Creativity cannot be forced, but it can always be fostered. It all comes down to how you, as HR professionals, can nurture creativity within the environment that surrounds you.
Fostering innovation is a big challenge for HR, who is often responsible for using the physical office space to help make the workplace more creative, and often, innovation is simply tied to company culture. It’s no wonder that big names like Google and Facebook are trying everything from hi-tech sleep pods to lavish mini golf courses in the hopes of developing work environments that foster innovative behavior and freedom of thinking.
To help inspire your practice, we’ve compiled five out-of-the-box ideas for developing a work environment that is conducive to innovative behavior—no matter your budget.
1. Assess Your Lighting Conditions
Contrary to popular belief, working in dim light can actually make you more creative, at least according to a study by the Journal of Environmental Psychology on how physical environments can affect creativity. Researchers conducted six studies where participants were made to perform various creative tasks with varying lighting conditions. The results showed that participants produced their most creative work when they were working under dim lighting.
Researchers concluded that dim light can put our minds into an exploratory mode, helping us think more freely—and as we all know, freedom of thought and expression are crucial for exercising creativity.
Tip: Work closely with the office administrator to create a lighting atmosphere with minimal downward-directed illumination.
2. Solve Puzzles as a Team
Puzzles are fun, but they can also help in improving productivity. Here’s one HR can facilitate without breaking a sweat: the candle experiment. All you need is a candle, a matchbox, and two steel rings. The aim is to create the figure ‘8’ by joining the steel rings.
The obvious solution would be to light the candle with the matchbox and use the wax to stick the rings together. The problem is, the wax won’t be strong enough to hold the two rings. Keep pushing employees to find a better solution. After analyzing the problem closely, they will realize the solution was the wick, not the wax!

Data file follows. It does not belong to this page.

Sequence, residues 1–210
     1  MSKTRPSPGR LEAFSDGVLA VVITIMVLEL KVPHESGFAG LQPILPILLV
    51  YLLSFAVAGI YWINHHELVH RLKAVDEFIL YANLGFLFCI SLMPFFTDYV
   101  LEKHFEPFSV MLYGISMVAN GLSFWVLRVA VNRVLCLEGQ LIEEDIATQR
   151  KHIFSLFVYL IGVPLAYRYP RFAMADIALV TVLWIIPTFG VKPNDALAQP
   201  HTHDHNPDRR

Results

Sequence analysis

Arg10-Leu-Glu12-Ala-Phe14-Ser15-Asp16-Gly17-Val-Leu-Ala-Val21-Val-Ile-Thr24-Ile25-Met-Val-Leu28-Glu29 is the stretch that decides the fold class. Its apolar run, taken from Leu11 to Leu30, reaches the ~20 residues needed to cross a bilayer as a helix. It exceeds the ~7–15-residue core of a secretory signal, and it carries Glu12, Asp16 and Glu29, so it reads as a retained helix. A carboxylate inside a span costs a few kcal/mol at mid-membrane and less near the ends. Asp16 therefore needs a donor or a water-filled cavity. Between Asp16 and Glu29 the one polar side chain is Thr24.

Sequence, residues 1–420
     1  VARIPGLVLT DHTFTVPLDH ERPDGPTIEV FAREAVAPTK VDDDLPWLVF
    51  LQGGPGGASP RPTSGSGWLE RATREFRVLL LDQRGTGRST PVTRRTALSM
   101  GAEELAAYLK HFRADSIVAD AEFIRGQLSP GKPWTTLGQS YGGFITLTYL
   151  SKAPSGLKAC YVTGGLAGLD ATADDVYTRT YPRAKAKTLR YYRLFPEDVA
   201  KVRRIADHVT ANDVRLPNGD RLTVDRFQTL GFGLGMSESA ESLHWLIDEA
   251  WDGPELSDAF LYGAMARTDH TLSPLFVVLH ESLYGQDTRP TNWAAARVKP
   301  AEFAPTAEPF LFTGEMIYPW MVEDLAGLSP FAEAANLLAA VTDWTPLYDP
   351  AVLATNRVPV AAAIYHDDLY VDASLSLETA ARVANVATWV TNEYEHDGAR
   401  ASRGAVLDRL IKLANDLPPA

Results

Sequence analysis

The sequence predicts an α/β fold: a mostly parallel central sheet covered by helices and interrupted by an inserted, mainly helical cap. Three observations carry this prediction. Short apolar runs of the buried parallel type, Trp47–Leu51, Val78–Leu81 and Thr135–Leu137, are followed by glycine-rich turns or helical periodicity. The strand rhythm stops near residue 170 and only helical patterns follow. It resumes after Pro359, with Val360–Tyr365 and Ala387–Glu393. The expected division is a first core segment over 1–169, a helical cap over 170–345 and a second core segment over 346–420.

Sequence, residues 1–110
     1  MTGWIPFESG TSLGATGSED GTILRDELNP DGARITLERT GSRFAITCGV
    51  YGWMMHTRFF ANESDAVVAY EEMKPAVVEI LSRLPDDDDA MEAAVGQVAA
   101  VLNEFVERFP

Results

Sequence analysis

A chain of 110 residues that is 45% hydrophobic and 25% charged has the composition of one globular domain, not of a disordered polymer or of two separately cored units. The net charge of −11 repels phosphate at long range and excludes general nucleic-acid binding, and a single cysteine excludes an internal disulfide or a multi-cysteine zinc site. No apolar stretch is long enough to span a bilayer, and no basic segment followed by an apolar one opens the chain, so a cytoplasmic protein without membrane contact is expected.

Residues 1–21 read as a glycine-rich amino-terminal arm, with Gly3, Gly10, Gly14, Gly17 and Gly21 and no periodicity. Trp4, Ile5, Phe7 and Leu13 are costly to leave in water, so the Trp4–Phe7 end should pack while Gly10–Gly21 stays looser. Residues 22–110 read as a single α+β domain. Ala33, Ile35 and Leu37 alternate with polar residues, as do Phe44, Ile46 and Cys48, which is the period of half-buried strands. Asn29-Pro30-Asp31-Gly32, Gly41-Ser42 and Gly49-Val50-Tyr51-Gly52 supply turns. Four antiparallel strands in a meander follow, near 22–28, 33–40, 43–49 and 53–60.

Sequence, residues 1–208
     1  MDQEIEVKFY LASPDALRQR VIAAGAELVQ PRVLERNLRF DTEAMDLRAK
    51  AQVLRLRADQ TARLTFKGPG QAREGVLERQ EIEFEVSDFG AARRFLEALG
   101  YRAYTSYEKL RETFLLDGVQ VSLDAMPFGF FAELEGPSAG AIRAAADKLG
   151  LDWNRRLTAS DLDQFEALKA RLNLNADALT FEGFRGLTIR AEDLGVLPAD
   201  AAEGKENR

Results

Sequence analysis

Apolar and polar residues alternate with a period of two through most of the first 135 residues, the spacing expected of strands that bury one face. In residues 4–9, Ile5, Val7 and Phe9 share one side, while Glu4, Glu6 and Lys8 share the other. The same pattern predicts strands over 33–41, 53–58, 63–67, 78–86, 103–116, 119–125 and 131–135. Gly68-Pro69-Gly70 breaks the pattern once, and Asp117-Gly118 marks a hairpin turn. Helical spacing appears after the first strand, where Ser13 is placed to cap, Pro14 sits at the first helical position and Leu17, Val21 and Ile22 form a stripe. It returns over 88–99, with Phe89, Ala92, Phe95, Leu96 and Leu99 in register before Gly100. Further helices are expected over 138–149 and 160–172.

This exercise helps in overcoming functional fixedness—a cognitive block in which a person finds it difficult to use a familiar object in unconventional ways. In short, it allows employees to try out unique ideas with the resources they have at hand.
Daydreaming has always been associated with innovation and creativity. But, not all daydreaming is helpful, especially without any intent. You may not recall much from letting your mind wander, as there is no particular direction or context, which can make it difficult to come up with imaginative solutions and insights.
To be effective, consider training employees to practice systematic daydreaming. First, have employees collect and analyze all the relevant facts and figures. Next, identify the problem or the situation clearly, and note down expectations from the exercise. Finally, let the mind wander, allowing the subconscious to connect the dots, and come up with insights and solutions. This will prevent irrelevant associations and reduce the chance of aimless wandering or overthinking.
Tip: Conduct exercises among employees that help them daydream to come up with creative solutions. Say you are naming a new product, consider a naming competition to see who can think of the best idea.
4. Make Some Noise
A lot of people assume that silence is the key to creativity, but this is often not the case. Silence does help when trying to focus, as it will improve your problem-solving capacity and attention to detail. However, it can also hinder your ability to think creatively.
On the other hand, loud music will also not do any good—it will only serve to distract and disorient employees. The key here is to achieve a balanced, moderate level of noise. Ambient, low-level noises like that of ceiling fans, rainfall, or waves hitting the shores can boost concentration and creativity. These sounds can have a soothing effect and help the imagination to wander freely.
Coffee is known to help the world’s workforce stay alert and awake. But, if you are a creative professional, coffee may not be the ideal drink. Research shows that caffeine was found to inhibit creativity, as it blocks the creation of a chemical called Adenosine in our brain––the very chemical that helps the mind wander freely.
Encourage employees to regulate coffee consumption according to the type of tasks they are working on. Brainstorming sessions, for example, are a great time to skip the coffee. When working on something that requires long hours of concentration and attention to detail, however, a mug of coffee may be the perfect choice.
Tip: Educate employees about caffeine consumption. You might set up simple infographics near the food pantry, on workplace notice boards, or as an email.
HR plays an important role in creating an office environment that drives employee innovation. Consider these simple and cost-effective strategies to help your employees hit their creative stride and do amazing things.